A City Within a City revisited

Today began like most any other Sunday morning, minus the extra hour of sleep. We pulled into the parking lot with fifteen minutes to spare before service time, got the kids checked in and walked them to their spaces, entered the worship area and received the day’s bulletin, then finally sat down in a couple of seats to unpack my pencils and prepare for the service. As I read over the announcements and verses we’d focus on, I noticed the title for today’s sermon, “A City Within a City.” That’s when it hit me like a runaway train, the reason I draw every service, my purpose in sharing those drawings with you. Two years ago we worked our way through a series we called ‘Planted’. That series was about our calling as a church and as individuals to flourish where we are placed rather than waiting to grow until we’re at te place we want to be. One of those messages was A City Within a City. The details of that first installment of A City Within a City came rushing back to the forefront of my mind after reading the same title this morning. This ability to instantly recall the message from two years previous was the result of that first drawing fulfilling its purpose, art reviving memories retrieving words reliving a message. This is revival. This is why I draw.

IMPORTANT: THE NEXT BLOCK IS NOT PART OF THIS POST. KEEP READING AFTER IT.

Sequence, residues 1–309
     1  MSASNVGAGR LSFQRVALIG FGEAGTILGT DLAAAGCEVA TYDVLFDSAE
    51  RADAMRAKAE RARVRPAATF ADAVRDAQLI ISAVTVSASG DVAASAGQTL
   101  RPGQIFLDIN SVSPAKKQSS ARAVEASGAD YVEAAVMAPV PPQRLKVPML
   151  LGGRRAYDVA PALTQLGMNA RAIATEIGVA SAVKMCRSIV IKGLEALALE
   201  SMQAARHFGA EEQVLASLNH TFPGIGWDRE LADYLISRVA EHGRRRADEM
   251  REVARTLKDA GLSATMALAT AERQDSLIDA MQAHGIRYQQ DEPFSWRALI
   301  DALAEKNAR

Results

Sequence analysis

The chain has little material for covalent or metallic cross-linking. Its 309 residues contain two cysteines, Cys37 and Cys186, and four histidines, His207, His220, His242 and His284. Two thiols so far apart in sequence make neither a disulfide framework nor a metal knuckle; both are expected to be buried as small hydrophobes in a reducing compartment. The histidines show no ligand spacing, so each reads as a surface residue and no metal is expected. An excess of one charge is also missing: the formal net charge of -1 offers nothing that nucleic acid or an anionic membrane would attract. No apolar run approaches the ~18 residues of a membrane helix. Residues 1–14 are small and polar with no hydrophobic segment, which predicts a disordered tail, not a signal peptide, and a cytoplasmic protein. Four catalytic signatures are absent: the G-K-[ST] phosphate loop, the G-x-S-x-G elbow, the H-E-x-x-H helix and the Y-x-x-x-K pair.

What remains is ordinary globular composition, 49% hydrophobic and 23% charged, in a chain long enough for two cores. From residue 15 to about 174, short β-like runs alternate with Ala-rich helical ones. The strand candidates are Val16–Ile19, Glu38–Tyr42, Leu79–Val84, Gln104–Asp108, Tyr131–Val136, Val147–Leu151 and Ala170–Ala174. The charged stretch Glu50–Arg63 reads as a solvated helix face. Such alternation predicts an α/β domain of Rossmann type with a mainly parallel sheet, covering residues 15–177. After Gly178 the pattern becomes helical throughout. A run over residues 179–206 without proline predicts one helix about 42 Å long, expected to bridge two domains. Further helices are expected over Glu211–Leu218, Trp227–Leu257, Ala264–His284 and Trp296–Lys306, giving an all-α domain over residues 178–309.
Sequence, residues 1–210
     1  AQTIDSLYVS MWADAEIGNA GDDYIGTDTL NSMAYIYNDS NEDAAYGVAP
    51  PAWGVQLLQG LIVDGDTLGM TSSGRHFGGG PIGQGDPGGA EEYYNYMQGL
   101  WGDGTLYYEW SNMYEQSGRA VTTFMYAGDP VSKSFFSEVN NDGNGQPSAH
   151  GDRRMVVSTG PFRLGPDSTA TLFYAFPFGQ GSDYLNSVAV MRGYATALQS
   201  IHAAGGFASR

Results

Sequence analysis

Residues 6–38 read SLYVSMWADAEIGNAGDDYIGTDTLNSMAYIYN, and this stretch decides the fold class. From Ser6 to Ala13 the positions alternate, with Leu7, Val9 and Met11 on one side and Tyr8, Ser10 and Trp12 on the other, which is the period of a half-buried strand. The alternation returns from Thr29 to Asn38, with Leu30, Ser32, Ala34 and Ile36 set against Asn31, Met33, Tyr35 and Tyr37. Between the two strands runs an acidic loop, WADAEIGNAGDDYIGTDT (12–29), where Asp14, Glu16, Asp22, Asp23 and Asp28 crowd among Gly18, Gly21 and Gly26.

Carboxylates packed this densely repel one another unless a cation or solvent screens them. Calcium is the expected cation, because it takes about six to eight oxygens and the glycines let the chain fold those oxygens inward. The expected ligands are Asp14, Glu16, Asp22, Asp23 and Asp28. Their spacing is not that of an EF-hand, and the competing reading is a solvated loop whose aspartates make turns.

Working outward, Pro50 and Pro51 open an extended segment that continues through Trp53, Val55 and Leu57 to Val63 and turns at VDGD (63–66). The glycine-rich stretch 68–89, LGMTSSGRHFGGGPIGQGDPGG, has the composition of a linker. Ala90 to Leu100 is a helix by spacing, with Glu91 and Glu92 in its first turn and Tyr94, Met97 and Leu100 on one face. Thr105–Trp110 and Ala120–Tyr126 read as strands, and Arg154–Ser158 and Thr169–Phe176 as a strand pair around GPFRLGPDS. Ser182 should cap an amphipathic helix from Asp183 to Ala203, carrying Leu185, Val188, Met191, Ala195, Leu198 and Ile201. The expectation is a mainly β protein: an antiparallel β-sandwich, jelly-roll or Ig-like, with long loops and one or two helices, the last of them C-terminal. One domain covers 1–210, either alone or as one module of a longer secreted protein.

A City Within a City revisited

Nehemiah 1:1-11

The details of Nehemiah are not totally unfamiliar to me, so much of today’s springboard passage was nothing new. What did strike me as a profound detail I’d never considered is the timeline. The book of Nehemiah is a personal journal of one man’s mission to rebuild a city and re-establish a kingdom. We are basically reading Nehemiah’s diary. His first entry recounts a moment where he learned of Jerusalem’s demise. Hearing this conjured up such extreme sadness, Nehemiah was literally overcome with mourning for days. That sounds reasonable enough on paper, the destruction of a city is an emotional event that would logically require multiple days to complete the mourning process. The catch is, Jerusalem met its fate hundreds of years before Nehemiah started his ancient blog. Dean really put  this in perspective for us by giving an applicable analogy. Nehemiah’s relationship to Jerusalem’s previous destruction on a timeline is about a relative as we are to the assassination of Abraham Lincoln. That’s right folks. President Lincoln has been shot and his prognosis is grim. Please, stop crying now so you can finish reading. I’m sure no one reading this shed a tear, but that is exactly what Nehemiah did, and then some.